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Mounting applications

The word "mounting" refers to the ability to plug ASGI applications into others, under specific routes. This enables reusing whole applications, or components, across web applications. This page describes:

  • How to use the mount feature in BlackSheep.
  • Details about mounting, and handling of application events.
  • An example using Piccolo Admin

🚀 New in version 1.0.9

How to use mounts

To mount an application in another application, use the mount method:

application_a.mount("/example-path", application_b)

Example:

from blacksheep.server import Application

app_a = Application()


@app_a.router.get("/")
def a_home():
    return "Hello, from Application A"


app_b = Application()


@app_b.router.get("/")
def b_home():
    return "Hello, from Application B"


# Note: when mounting another BlackSheep application,
# make sure to handle the start and stop events of the mounted app

@app_b.on_start
async def handle_app_a_start(_):
    await app_a.start()


@app_b.on_stop
async def handle_app_a_stop(_):
    await app_a.stop()


app_b.mount("/a", app_a)

In the example above, both app_a and app_b are complete applications that can be started independently. If app_a is started alone, it replies to GET web requests at route "/" with the text "Hello, from Application A".

Since app_b mounts app_a under the path "/a", when app_b is started, it delegates requests to /a to the mounted application, therefore when app_b is started, a GET request to the route "/a" produces the greetings message from app_a. A GET request to the route "/" instead is replied with the text "Hello, from Application B".

Try to create a file server.py like in the example above, and run the applications using uvicorn, to verify how they work in practice.

Side effects of mounting

Even though mounting can enable interesting scenarios, it comes at a price.

Applications that are supposed to be mounted by other applications need to be designed to be "mount-friendly", for example when they handle redirects or links to static files they serve. Absolute paths will not work when used by applications that are mounted by other applications, while relative paths will work.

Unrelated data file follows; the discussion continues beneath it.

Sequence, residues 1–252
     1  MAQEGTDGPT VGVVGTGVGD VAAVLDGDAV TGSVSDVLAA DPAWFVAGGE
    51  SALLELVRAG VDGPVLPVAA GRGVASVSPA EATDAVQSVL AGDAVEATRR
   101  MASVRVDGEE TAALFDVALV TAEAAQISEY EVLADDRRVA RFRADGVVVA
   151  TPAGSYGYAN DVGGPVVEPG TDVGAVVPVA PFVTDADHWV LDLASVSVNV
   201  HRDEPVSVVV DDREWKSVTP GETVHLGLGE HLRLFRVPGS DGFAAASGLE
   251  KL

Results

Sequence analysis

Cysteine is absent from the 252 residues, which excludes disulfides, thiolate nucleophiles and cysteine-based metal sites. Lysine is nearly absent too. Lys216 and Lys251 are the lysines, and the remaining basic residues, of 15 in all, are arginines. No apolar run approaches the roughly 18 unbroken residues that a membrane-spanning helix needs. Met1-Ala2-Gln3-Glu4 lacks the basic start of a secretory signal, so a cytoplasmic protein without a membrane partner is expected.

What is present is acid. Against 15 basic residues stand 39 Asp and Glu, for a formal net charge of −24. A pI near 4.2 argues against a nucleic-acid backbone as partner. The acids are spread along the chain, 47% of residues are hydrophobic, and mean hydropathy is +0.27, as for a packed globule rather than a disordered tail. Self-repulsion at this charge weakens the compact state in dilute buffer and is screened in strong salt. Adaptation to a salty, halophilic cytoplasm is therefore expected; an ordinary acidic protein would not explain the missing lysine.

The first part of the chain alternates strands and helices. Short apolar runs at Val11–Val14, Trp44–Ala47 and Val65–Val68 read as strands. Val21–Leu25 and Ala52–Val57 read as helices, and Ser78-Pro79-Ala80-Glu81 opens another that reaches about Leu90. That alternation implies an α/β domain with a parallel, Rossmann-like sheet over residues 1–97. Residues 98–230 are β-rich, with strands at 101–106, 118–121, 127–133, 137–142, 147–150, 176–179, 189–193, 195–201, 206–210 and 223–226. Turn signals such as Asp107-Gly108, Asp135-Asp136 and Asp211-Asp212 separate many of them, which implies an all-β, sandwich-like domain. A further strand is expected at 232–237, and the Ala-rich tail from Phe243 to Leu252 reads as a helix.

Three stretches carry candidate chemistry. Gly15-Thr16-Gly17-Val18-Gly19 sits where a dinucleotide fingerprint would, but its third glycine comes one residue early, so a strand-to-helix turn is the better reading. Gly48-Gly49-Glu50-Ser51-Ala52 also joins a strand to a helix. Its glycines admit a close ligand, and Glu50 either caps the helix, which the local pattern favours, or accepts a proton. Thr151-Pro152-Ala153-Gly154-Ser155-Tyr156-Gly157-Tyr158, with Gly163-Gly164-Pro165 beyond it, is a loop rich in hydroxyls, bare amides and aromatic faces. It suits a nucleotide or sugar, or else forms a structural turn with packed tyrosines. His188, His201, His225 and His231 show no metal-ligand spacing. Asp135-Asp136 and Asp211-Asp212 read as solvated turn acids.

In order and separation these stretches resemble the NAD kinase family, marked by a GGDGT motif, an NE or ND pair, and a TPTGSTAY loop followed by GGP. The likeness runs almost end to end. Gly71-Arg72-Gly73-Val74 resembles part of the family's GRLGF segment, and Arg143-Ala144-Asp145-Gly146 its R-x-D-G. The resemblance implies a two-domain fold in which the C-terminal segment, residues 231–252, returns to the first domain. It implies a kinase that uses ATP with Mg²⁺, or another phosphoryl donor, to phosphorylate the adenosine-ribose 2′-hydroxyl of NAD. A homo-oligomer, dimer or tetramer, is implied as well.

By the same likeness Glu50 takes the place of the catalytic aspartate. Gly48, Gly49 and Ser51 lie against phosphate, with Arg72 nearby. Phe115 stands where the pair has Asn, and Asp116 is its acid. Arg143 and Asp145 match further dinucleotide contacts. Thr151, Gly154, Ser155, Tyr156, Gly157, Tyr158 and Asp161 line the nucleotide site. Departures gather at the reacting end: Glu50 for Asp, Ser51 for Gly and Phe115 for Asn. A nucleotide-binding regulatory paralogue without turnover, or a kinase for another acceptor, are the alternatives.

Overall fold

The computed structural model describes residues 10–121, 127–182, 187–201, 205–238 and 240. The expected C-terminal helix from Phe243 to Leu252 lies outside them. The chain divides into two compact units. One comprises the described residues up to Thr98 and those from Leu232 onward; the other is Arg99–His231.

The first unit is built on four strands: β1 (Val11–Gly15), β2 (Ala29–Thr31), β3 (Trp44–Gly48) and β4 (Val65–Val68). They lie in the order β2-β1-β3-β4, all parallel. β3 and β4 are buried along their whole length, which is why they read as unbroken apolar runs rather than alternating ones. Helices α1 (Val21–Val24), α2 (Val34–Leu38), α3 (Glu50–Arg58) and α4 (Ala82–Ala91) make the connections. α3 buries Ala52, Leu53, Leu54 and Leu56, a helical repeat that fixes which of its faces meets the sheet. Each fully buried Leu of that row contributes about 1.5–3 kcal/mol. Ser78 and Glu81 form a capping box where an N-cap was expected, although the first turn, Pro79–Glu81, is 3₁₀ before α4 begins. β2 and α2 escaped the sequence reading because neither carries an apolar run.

If an application is not designed to be mounted by other applications, it might create non-obvious side effects.

Consider the following example:

from blacksheep.server import Application
from blacksheep.server.responses import redirect

app_a = Application()


@app_a.router.get("/")
def a_home():
    return "Hello, from Application A"


@app_a.router.get("/test")
def redirect_to_home():
    # Note: app_a defines an absolute path for redirection - this won't work
    # for mounted apps since the intention is most likely to redirect to a path
    # handled by the same application
    return redirect("/")


app_b = Application()


@app_b.router.get("/")
def b_home():
    return "Hello, from Application B"


@app_b.on_start
async def handle_app_a_start(_):
    await app_a.start()


@app_b.on_stop
async def handle_app_a_stop(_):
    await app_a.stop()


app_b.mount("/a", app_a)

This won't produce the expected result in real-life scenarios! app_a in this case redirects to the absolute path "/", therefore a path that is handled by app_b! In general, mounted apps will be defined in dedicated packages with no knowledge of the applications that mount them. To fix this scenario, it is necessary to use a relative path for redirection, like:

@app_a.router.get("/test")
def redirect_to_home():
    return redirect("./")

Handling of application events

Applications often need to define actions that must happen when the application starts, and actions that must happen when the application stops.

ASGI web frameworks handle lifecycle events when they get dedicated messages from the underlying ASGI server (lifespan messages), notifying the ASGI server when initialization logic has completed. However, when an application is mounted into another, it is not responsible of handling lifespan messages.

When mounted apps define initialization and shutdown logic, the application that mounts them must register their initialization and shutdown functions as part of its own events.

BlackSheep applications must always be started to work properly. This is achieved, like in the examples above, registering on_start and on_stop event handlers in the mounting app, to handle the lifecycle of the mounted app.

@app_b.on_start
async def handle_app_a_start(_):
    await app_a.start()


@app_b.on_stop
async def handle_app_a_stop(_):
    await app_a.stop()


app_b.mount("/a", app_a)

This ensures that when the main application handles lifespan messages from the ASGI HTTP Server, the mounted app is also notified properly of those events.

Note: the way the mounted app must be started and stopped depend on the web framework used to implement it. The example above is correct when app_a is an instance of BlackSheep Application.

Examples

To see a working example where mount is used, see the Piccolo Admin example at BlackSheep-Examples.

In this example, Piccolo Admin is configured as mounted app under "/admin" route, providing a UI to handle data stored in a SQLite database.